ICAS calls for tax reform

ICAS calls for tax reform



Bruce Cartwright

The Institute of Accountants of Scotland (ICAS) has called for several reforms and a more informed public debate in a new paper.

The future of UK taxation – published by the ICAS Tax Board – notes that the government is unwilling to increase key income-increasing taxes, which is contributing to increasingly complex and lengthy tax legislation that makes it difficult for taxpayers (especially those not represented) to understand and comply with their tax obligations.

Bruce Cartwright CA, ICAS general managersaid: “In recent years, following the outcome of the EU referendum and the prolonged Brexit process, there has been considerable uncertainty for businesses and individuals. The coronavirus pandemic has created a whole new level of uncertainty, but it can also offer the government the opportunity to generate public support for tax reform.

"So far, this has been difficult to achieve, but the aftermath of the pandemic, with strong public support from the NHS, could be the ideal time for a public debate about who should pay taxes and how much they should contribute."

ICAS believes that a lack of understanding of an overly complex system combined with the perception of widespread abuse has contributed to a feeling of injustice among the public that undermines voluntary compliance.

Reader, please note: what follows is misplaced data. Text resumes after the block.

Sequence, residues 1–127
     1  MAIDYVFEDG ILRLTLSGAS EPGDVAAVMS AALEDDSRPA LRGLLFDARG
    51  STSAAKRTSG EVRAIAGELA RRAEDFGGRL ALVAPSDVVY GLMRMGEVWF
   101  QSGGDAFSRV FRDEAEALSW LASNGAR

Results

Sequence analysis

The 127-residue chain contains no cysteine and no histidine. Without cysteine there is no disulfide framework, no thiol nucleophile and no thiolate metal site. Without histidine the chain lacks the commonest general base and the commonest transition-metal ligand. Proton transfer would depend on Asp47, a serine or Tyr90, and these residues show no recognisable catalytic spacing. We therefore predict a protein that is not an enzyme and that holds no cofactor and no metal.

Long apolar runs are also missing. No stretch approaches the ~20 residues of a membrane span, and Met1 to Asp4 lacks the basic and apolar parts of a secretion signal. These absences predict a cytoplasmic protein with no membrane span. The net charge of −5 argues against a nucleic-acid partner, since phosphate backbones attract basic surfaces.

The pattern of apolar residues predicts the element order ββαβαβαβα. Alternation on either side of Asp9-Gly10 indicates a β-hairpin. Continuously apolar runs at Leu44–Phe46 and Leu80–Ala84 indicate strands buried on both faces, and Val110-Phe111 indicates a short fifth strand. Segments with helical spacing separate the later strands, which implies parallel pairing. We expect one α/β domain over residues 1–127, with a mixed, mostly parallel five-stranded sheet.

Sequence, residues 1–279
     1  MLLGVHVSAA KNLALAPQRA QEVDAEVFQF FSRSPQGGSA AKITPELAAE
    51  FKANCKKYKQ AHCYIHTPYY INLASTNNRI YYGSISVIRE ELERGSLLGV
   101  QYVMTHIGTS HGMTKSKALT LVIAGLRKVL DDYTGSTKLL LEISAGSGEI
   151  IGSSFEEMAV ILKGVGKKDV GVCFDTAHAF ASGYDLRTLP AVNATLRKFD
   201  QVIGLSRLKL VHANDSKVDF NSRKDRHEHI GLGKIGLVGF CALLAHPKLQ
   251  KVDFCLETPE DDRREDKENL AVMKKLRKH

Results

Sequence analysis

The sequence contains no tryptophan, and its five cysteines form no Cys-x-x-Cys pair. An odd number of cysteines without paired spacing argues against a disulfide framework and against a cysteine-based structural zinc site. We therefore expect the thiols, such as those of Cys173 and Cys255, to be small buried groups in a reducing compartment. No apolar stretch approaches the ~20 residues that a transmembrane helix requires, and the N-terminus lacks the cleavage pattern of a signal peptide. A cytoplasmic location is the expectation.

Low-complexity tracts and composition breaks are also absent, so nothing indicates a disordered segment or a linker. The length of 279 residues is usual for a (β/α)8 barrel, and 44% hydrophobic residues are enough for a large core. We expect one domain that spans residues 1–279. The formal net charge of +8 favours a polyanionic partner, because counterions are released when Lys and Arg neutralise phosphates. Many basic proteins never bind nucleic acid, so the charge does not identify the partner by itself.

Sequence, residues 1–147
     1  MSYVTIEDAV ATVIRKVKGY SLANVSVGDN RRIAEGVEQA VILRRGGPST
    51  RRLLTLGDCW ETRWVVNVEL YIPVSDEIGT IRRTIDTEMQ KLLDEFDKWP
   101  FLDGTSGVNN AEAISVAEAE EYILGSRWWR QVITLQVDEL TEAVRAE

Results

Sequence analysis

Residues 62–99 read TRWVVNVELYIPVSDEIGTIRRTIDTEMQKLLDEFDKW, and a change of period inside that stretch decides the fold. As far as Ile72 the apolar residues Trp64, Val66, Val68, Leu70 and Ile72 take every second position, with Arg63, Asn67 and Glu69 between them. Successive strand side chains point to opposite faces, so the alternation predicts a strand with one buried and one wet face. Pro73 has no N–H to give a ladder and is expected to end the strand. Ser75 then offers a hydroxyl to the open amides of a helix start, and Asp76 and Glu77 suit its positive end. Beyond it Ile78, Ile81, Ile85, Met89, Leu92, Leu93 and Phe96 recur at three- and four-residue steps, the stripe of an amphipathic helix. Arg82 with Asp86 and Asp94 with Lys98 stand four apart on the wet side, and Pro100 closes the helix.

Examples of abuse and problems with the international tax system have been widely publicized, but successes in combating tax avoidance or the work of the EU have been far less publicized OECD (supported by the British government) reform the international tax.

This issue should be part of a broader public dialogue supported by the UK government on the role of taxation in society and its role in supporting public services and the common good.

According to the report, the business landscape has changed significantly in recent years, affecting both companies and individuals.

Increasing digitization and developments in AI have made older bricks and mortar companies struggle to compete with new global online businesses.

The growth of the gig economy has opened up opportunities for some but led to exploitation of others, and the government's provision of coronavirus support programs has highlighted these trends.

ICAS notes that taxation sometimes has difficulty keeping up with these changes, both politically and in terms of tax administration, and makes a number of recommendations to address key issues affecting the future of UK taxation.

Charlotte Barbour MA CA CTA (Fellow), Tax DirectorICAS said: "The ICAS Tax Board is seeking to publicly discuss the role of tax in supporting public services and contributing to the common good. Please contact us to share your views."



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